An interesting array of Magic, including the famous wine and water effect in which wine, water, and milk are poured from a pitcher of water and then wine and milk combine to form water again. Also the wandering bottle experiment, a peculiar Three Card Monte effect with a bottle, the mysterious transposition of smoke, confetti and ribbon effect, and several cooking experiments.
This lesson gives you some very interesting chemical and mechanical magic. You learn the basic principles involved in these two types of magic so that you can use them to good advantage in your programs.
These eight excellent effects are taught to you:
1 - A Novel Transmission of Smoke
2 - Wine and Water
3 - The Wandering Glass and Bottle
4 - Comedy Version of Wandering Glass and Bottle
5 - Bottle, Bottle, Where's the Bottle?
6 - A Magical Transformation
7 - A Cooking Lesson
The material for the chemical magic can be purchased at almost any drug store. The special apparatus used for the mechanical magic is standard equipment and we can furnish you with it when you need it.
A NOVEL TRANSMISSION OF SMOKE We have Ellis Stanyon of England to thank for this fine experiment with smoke. EFFECT:
Magician calls attention to a glass pitcher containing clear water. He then pours some of the liquid into a glass tumbler. He stands at a distance from glass and blows smoke from a lighted cigarette toward it. The water in the glass gradually becomes milky, presumably because the smoke travels across the stage and gets into it.
1 -- Dilute solution of hydrochloric acid -- one part acid to ten parts water.
2 -- Saturated solution of hypo-sulphite of soda, commonly known as hypo.
3 -- A small glass pitcher.
5 -- A silk handkerchief or cloth to place in front of glass tumbler.
6 -- Cigarette and matches. SECRET AND PATTER:
Take the solution of hydrochloric acid and put about three parts of an ounce in the glass tumbler. Place glass on table.
In front of it place silk handkerchief or a book or some other object to cover lower part of glass so that it will look empty.
Figure 1 shows a side view of arrangement of glass and handkerchief.
Take the hypo-sulphite of soda or HYPO and make a saturated solution of it in cold water. Then dilute this solution by adding an equal quantity of water again. Pour this solution into the glass pitcher. Place pitcher on table.
When these two solutions are poured together in the experiment, the water becomes milky. When the solution is strong the change takes place instantly. As the solution is weakened, the change takes place more slowly. Experimenting will teach you just how strong to make solution for this effect so that you will have time to go some distance away and blow smoke at glass before it changes to milky color.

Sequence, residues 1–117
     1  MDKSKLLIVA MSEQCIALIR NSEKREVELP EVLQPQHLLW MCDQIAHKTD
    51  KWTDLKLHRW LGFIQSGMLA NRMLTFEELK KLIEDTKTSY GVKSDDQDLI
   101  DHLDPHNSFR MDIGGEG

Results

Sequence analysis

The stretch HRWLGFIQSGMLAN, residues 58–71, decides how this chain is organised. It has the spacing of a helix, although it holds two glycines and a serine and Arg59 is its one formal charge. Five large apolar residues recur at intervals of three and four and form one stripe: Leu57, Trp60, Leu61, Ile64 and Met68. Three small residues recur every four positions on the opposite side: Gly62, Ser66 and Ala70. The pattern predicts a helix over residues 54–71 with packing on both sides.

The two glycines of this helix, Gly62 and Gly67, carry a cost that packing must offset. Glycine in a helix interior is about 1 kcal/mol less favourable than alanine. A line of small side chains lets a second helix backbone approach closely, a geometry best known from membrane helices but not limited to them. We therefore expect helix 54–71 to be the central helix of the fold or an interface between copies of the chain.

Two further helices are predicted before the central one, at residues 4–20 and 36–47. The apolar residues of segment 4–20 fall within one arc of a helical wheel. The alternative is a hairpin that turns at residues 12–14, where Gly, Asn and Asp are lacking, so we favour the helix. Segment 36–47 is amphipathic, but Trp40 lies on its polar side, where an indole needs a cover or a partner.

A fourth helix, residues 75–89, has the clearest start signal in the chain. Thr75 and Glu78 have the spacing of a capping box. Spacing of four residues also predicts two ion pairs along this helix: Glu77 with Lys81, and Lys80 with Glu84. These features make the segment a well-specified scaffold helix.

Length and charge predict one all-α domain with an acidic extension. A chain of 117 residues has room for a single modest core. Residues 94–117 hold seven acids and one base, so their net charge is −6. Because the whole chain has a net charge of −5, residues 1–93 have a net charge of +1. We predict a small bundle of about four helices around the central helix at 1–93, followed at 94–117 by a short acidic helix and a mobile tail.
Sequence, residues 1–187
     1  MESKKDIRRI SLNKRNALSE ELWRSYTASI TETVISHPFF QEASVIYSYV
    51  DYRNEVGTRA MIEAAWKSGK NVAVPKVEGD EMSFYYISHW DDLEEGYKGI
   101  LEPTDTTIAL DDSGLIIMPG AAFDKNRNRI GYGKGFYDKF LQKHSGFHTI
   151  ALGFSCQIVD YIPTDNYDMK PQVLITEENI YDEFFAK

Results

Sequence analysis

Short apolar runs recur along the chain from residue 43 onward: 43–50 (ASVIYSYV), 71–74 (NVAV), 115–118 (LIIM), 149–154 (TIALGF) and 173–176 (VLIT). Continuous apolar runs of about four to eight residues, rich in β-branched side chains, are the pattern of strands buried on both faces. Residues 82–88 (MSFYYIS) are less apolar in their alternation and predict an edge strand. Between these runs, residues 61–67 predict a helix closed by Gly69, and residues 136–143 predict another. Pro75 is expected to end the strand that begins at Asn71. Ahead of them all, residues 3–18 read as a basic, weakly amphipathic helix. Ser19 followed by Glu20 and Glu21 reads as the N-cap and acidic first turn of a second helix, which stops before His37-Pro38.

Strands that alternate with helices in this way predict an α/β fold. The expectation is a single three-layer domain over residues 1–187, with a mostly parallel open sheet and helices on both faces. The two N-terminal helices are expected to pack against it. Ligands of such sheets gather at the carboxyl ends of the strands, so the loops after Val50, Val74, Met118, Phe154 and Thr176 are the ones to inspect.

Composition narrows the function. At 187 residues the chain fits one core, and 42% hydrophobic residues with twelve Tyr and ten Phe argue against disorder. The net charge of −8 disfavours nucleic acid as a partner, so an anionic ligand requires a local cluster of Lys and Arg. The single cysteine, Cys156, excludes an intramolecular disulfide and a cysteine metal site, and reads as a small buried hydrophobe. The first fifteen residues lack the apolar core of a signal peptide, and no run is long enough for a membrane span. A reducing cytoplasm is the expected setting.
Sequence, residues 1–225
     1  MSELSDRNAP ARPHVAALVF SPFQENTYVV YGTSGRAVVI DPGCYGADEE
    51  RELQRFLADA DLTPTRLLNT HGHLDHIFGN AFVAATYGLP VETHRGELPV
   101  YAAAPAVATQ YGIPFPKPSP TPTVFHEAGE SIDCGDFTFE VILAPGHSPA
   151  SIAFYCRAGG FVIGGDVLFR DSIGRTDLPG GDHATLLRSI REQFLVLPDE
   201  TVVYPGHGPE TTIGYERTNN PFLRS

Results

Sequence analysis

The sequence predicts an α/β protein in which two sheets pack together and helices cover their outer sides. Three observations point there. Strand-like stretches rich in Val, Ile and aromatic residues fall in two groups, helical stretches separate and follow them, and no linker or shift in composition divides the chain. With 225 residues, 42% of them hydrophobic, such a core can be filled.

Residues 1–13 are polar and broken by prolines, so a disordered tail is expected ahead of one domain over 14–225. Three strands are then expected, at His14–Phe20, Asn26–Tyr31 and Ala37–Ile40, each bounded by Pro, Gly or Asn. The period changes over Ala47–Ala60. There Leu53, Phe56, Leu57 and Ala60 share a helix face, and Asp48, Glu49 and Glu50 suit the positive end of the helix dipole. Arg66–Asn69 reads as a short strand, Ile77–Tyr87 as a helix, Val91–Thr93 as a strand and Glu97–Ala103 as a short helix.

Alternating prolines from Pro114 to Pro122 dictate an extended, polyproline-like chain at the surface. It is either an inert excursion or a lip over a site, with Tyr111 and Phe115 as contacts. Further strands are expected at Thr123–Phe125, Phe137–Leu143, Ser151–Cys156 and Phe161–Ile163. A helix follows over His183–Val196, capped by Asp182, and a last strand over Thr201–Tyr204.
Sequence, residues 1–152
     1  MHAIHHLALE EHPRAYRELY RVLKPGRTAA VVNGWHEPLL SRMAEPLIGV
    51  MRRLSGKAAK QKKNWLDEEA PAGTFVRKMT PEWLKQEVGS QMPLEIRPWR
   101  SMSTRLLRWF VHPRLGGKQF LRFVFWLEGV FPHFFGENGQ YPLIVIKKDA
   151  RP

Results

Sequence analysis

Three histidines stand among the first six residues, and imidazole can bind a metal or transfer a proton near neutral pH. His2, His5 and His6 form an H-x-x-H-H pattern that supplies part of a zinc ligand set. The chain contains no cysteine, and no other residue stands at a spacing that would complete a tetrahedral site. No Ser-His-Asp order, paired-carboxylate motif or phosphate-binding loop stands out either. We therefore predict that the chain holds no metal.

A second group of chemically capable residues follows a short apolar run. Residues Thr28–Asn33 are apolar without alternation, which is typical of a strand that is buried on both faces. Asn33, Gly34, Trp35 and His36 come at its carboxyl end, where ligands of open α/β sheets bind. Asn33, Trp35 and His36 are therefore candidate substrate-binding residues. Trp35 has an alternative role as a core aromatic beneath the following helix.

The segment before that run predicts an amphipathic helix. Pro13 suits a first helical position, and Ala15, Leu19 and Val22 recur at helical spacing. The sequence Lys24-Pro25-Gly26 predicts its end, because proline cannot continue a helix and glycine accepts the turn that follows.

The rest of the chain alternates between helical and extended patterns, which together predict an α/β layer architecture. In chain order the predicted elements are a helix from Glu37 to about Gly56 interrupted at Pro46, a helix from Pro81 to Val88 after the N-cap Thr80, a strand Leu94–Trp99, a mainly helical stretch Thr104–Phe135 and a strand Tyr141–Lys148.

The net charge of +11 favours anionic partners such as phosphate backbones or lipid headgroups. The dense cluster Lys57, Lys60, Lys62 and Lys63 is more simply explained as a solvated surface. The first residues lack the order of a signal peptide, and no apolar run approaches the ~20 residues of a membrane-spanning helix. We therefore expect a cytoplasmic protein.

The milky effect in the water remains for some time and thus gives an excellent imitation of milk for use in a variety of magical effects.
Pick up glass with left hand. Be sure to screen fluid in glass with fingers of hand. Pick up pitcher in right hand.
"It is customary with lecturers and Fourth of July orators to stop and pour themselves a glass of water to quench their blazing vocal cords."
Pour hypo solution from pitcher to fill glass about three-fourths full. Replace pitcher on table and place glass, presumably containing water, in full view of audience. If desired, glass may be placed by itself on small stand.
"Being neither lecturer nor orator, I can only use the glass of water for scientific experiments."
Go some distance away from glass and light a cigarette. Puff on cigarette and blow smoke towards glass. Repeat.
"For instance, I can show you the modern way of condensing smoke so that it can be sold in bottles. We used to smoke hams in a smoke-house, but now we just paint them with liquid smoke."
Water gets milky gradually as you blow smoke at it. The chemicals, of course, accomplish the effect, but it appears that the smoke you blow at glass gets into water and makes it smoky.
"Water has a natural affinity for smoke and like a magnet drawing steel draws smoke unto itself, condensing it and coloring the water. A friend once had the idea of drying snow and selling it for salt. Why not condense smoke and sell it for milk?"
How popular this effect has been on many magician's programs! And especially since Prohibition, it has been excellent because of the comedy which can be employed in it. This is a chemical experiment and many different chemicals have been used to get the effect. I am going to teach you to perform it in a simple, safe manner without strong acids and alkalis.
Performer shows a glass pitcher half full of water, and five empty glasses. Into the first glass he pours water, into the second red wine, into the third gin, and into the fourth red wine. Each glass is filled about half full. He pours the contents of the first glass into the second and back into the first, giving wine in both. The third and fourth glasses are mixed, giving water in both. The first and second glasses of wine are poured back into the pitcher, making wine in the pitcher. The third and fourth glasses, containing water, are poured back into the pitcher, resulting in clear water as in the beginning. Magician then pours water from the pitcher into the fifth glass, changing it to milk.
1 -- A strong solution of phenolphthalein. Fill a bottle about one-fifth full of powdered phenolphthalein and fill bottle with alcohol.
2 -- Tartaric acid solution. Fill a bottle half full of powdered tartaric acid and fill bottle with water.
3 -- Potassium carbonate solution. Fill bottle half full of potassium carbonate or sodium carbonate and fill bottle with water.
Any druggist will sell you the above ingredients or make the solutions for you. To begin with use a six-ounce bottle of the phenolphthalein solution and six-ounce bottles of the others. The amounts can be increased according to your needs. SHAKE EACH SOLUTION WELL BEFORE USING.
4 -- A glass pitcher with more than enough water in it to fill four glasses about two-thirds full.
5 -- Five glass tumblers.
Arrange glasses in a row as in Figure 3. Into glass No. 1, place half teaspoonful of the potassium carbonate solution; into glass No. 2 a few drops of the phenolphthalein solution; into glass No. 3 a teaspoonful of the tartaric acid solution; into glass No. 4 a few drops of the phenolphthalein solution; and into glass No. 5 a teaspoonful or so of the phenolphthalein solution.
YOU WILL HAVE TO EXPERIMENT TO GET THE PROPER PROPORTIONS to use of these solutions, but once you know the principles on which the effect is based, you will have no difficulty in working it.